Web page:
And looking at the wall?

I know a man that’s a braver man
And twenty men as kind,
And what are you, that you should be
The one man in my mind?"


“The world stands out on either side
No wider than the heart is wide;
Above the world is stretched the sky,
No higher than the soul is high.
The heart can push the sea and land
Farther away on either hand;
The soul can split the sky in two,
And let the face of God shine through.
But East and West will pinch the heart
That can not keep them pushed apart;
And he whose soul is flat—the sky
Will cave in on him by and by."


“When you are corn and roses and at rest
I shall endure, a dense and sanguine ghost
To haunt the scene where I was happiest
To bend above the thing I loved the most”


“And her voice is a string of colored beads,
Or steps leading into the sea.”

(are not those lines crying to be titles of a book???)


“Safe upon the solid rock the ugly houses stand.
Come and see my shining palace built upon the sand!”


"What lips my lips have kissed, and where, and why,
I have forgotten, and what arms have lain
Under my head till morning; but the rain
Is full of ghosts tonight..."

(also, it's not all poetry. Here's a few of my favorite gems of hers.)

“Where you used to be, there is a hole in the world, which I find myself constantly walking around in the daytime, and falling in at night. I miss you like hell.”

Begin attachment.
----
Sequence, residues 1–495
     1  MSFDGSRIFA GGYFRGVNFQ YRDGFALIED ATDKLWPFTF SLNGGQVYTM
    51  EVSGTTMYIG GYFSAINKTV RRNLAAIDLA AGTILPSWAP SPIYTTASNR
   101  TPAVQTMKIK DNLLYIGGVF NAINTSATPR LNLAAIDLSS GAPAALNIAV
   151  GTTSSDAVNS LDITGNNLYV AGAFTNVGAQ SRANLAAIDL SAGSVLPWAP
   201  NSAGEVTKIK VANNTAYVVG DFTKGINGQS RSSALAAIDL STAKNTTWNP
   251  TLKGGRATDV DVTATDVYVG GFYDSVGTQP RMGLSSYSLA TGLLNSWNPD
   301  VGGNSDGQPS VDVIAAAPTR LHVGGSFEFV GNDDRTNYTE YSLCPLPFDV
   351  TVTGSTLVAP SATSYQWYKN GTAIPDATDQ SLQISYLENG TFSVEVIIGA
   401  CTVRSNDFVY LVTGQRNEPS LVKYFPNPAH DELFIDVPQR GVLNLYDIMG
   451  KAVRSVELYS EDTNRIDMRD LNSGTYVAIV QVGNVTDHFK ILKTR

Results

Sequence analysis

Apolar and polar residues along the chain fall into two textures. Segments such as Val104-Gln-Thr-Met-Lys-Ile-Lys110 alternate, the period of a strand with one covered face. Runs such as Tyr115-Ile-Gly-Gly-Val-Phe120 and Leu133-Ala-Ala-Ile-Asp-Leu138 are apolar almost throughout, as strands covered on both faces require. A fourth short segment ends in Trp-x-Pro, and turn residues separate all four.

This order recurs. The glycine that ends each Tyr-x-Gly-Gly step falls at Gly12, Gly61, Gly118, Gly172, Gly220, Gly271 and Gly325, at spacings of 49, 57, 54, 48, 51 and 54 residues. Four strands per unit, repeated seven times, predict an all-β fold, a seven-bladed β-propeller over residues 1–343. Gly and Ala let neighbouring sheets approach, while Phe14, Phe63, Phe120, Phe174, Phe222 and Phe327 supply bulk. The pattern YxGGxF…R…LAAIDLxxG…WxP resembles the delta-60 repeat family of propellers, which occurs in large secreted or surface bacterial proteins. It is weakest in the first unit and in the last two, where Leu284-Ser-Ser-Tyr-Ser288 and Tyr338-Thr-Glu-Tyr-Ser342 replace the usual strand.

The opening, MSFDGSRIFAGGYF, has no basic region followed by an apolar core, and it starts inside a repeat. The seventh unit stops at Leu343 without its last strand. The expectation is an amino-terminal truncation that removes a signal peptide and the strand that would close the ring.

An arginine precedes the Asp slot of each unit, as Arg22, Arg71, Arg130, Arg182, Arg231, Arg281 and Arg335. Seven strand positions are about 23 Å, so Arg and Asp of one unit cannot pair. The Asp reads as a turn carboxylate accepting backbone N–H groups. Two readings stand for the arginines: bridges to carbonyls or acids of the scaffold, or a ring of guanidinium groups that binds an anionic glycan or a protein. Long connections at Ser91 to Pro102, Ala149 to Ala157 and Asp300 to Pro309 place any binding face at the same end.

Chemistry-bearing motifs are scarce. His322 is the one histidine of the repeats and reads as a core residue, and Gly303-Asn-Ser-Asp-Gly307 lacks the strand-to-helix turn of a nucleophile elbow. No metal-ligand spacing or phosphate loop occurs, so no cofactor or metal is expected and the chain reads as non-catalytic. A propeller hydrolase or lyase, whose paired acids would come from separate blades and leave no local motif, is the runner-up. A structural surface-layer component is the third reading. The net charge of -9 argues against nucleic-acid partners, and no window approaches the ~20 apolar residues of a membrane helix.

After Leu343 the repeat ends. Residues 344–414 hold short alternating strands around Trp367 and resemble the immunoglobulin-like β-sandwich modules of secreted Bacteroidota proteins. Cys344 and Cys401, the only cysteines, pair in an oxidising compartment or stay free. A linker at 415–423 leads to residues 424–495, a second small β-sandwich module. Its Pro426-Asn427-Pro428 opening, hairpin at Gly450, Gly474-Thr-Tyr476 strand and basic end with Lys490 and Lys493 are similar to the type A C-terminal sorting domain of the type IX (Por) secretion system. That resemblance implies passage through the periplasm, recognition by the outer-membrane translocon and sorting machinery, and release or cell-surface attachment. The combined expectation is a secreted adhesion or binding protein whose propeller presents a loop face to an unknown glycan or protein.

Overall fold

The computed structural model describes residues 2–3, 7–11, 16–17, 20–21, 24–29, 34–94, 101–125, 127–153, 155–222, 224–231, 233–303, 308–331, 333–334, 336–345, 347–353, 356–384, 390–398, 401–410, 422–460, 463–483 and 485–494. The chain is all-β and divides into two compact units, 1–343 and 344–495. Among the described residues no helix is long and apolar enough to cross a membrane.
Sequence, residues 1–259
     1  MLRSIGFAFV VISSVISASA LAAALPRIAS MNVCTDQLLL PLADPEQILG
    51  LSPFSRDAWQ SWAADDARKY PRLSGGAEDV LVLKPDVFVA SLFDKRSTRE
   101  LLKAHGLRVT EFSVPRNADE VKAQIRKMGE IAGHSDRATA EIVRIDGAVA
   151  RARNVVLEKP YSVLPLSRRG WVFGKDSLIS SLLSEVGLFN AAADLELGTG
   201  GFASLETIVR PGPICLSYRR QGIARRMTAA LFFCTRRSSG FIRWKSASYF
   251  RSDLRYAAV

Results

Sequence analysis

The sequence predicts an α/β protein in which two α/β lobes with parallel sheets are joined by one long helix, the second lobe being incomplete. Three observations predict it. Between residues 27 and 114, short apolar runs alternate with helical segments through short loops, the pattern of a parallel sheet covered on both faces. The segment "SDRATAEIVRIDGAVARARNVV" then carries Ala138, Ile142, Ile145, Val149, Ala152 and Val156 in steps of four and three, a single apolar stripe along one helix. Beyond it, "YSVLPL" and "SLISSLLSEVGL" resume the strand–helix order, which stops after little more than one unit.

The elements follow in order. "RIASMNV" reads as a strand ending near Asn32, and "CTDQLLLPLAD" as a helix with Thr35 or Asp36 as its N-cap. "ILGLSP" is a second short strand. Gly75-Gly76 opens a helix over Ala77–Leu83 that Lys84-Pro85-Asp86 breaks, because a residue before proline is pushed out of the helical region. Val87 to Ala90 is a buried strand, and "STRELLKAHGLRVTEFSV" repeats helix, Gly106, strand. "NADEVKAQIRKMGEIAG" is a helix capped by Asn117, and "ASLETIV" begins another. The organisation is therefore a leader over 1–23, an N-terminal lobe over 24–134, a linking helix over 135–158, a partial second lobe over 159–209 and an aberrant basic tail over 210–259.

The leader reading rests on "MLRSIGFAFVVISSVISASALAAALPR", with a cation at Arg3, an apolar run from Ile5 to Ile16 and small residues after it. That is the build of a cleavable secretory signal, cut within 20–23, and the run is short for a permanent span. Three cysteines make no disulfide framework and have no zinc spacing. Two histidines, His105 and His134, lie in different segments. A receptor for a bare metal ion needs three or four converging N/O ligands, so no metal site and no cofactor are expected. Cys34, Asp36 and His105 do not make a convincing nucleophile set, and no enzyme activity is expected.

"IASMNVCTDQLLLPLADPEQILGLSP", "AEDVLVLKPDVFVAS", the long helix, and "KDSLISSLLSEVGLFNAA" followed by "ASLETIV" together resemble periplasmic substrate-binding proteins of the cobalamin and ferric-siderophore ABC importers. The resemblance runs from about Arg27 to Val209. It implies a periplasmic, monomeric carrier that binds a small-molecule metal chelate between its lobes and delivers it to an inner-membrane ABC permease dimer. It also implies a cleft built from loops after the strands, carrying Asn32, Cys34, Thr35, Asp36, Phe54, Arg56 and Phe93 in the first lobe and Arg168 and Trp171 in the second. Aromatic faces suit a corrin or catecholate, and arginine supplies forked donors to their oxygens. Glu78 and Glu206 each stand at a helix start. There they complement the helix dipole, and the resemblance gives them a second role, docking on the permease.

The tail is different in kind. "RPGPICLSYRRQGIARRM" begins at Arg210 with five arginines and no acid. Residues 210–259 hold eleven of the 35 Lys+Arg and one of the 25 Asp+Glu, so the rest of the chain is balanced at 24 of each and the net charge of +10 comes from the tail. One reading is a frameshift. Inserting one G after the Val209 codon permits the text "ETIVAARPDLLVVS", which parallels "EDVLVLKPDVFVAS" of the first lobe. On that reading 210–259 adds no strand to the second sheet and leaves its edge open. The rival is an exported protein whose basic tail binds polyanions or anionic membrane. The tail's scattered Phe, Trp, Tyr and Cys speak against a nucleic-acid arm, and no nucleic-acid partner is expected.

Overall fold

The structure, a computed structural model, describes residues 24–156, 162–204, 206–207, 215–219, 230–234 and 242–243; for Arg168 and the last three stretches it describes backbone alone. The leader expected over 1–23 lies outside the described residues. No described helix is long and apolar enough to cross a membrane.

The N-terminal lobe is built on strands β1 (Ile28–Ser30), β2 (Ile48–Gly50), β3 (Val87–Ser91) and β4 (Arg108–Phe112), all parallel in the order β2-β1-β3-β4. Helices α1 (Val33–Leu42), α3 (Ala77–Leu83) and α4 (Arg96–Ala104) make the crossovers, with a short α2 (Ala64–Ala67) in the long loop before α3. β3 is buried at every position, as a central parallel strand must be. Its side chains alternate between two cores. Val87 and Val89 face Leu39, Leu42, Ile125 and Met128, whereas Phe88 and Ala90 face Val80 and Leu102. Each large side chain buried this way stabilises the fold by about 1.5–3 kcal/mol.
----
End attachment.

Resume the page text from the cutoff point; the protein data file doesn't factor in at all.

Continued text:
“You are loved. If so, what else matters?” 

“I love humanity but I hate people.”

“I am glad that I paid so little attention to good advice; had I abided by it I might have been saved from some of my most valuable mistakes.”

“A person who publishes a book willfully appears before the populace with his pants down. If it is a good book nothing can hurt him. If it is a bad book nothing can help him.”


  1. “I love humanity but I hate people.”

    Ain't that the truth sometimes!

    Thanks for sharing all of this amazing poetry.


  2. Love this.

    Also - I'm AMAZED at people who write picture books. All those hours for so few words...

    1. I agree! I think the smaller the medium, the harder. At least for me. Novels give lots of wiggle room, but the less room you have to make an impact, the harder it seems to be!

  3. Wow.

    I've always believed poets make the best prose writers as well. (Unfortunately, although I've tried, I've never been much of a poet.)

    Those were some really thought-provoking lines/verses.

    The ones you mentioned would make great titles:

    "And her voice is a string of colored beads,
    Or steps leading into the sea.”

    I didn't immediately think "book title," but I did find myself hooked on the image those lines created. Gee, I'd love for my voice to be a string of colored beads. And the last one you wrote...

    Ha, ha, ha! Awesome!

    1. The last one is my favorite for a laugh. :)

      I've always been a bit jealous of people who could put words together in such emotional, impacting ways. That first poem, about grief, is really my favorite right now.